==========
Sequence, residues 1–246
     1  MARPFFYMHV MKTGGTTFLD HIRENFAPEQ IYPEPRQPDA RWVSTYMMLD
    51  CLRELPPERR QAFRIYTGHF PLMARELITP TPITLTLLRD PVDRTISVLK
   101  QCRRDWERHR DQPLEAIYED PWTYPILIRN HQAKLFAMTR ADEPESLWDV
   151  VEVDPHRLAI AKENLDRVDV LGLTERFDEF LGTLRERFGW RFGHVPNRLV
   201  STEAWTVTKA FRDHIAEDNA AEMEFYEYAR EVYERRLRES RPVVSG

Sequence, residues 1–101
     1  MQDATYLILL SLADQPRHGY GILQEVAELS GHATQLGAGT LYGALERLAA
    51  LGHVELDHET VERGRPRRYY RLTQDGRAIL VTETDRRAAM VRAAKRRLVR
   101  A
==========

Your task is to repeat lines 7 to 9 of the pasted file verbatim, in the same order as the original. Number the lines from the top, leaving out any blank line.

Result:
Sequence, residues 1–101
     1  MQDATYLILL SLADQPRHGY GILQEVAELS GHATQLGAGT LYGALERLAA
    51  LGHVELDHET VERGRPRRYY RLTQDGRAIL VTETDRRAAM VRAAKRRLVR